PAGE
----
HONOLULU-The Western Pacific Fishery Management Council will convene its 156th meeting next week at the Governor H. Rex Lee Auditorium (Fale Laumei) in Pago Pago, American Samoa.
Sam Rauch, NOAA acting assistant administrator for Fisheries, will be attending the meeting.
The Council meeting will open with a traditional 'ava ceremony, presented by the Office of Samoan Affairs. The 'ava ceremony is one of the most important customs of the Samoa Islands involving a solemn ritual where a ceremonial beverage is shared to mark most important occasions in Samoan society.
The Council is responsible for providing the U.S. Secretary of Commerce with recommendations for federally managed fisheries in Hawaii, American Samoa, Guam, the Commonwealth of the Northern Mariana Islands, and the remote U.S. Pacific Island areas.
Among the key issues the Council will address are the following:
- American Samoa South Pacific Albacore: The current catch is at about 95 percent of maximum sustainable yield. The catch per unit effort is in a long-term decline. There is concern about potential risk of overfishing and about the economic viability of the albacore fisheries in American Samoa and neighboring countries.
- False Killer Whale Assessments: Under current guidelines and approaches, the Hawai`i deep-set longline fishery for tuna can interact with only two false killer whales before it is restricted from the southern exclusion zone, an area encompassing 112,575 square nautical miles. This is in addition to the year-round longline exclusion zone from 0 to 50 or 0 to 75 nautical miles around the main Hawaiian Islands. The longline fishery has had one interaction with FKW this year.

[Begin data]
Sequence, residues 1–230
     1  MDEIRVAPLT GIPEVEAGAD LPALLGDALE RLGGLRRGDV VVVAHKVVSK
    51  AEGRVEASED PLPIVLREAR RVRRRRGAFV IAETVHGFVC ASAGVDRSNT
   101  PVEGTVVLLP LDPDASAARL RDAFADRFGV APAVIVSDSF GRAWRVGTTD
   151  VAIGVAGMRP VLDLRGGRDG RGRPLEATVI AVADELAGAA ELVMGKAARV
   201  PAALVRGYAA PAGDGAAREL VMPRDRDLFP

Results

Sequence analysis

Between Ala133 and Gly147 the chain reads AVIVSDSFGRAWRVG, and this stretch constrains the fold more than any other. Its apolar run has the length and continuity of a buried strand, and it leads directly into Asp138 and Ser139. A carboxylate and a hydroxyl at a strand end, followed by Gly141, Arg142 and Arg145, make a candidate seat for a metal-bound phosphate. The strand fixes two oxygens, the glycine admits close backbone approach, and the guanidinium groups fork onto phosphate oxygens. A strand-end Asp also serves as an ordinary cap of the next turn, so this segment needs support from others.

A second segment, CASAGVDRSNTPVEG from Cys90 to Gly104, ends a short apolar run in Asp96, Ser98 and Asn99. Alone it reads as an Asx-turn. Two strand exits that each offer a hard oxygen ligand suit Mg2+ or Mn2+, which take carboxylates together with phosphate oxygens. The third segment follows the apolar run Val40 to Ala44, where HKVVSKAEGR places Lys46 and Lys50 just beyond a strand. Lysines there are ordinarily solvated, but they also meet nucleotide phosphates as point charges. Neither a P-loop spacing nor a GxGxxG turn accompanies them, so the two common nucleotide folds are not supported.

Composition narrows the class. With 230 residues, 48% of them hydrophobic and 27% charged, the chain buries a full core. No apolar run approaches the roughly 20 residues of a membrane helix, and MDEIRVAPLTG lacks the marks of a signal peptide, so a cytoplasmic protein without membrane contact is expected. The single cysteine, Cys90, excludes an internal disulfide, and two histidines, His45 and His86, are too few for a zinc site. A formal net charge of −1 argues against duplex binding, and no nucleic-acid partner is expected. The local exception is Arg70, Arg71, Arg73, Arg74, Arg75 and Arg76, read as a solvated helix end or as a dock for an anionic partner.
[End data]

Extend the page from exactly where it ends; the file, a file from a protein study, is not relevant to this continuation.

- Listing of MHI Insular False Killer Whales as Endangered: Evidence used to determine the discreteness of the MHI insular stock is mostly genetic. The Scientific and Statistical Committee, which provides scientific expertise to the Council, has asked for a comprehensive review of the evidence.
- Proposed Rule to List 66 Species of Coral as Endangered or Threatened: The National Marine Fisheries Service is considering listing 66 coral species of an initial 82 proposed species under the Endangered Species Act. The SSC advises that the “determination tool” used to indicate listing or not is flawed and recommends that the Council suggests that NMFS consider an alternative determination tool. (WESPAC)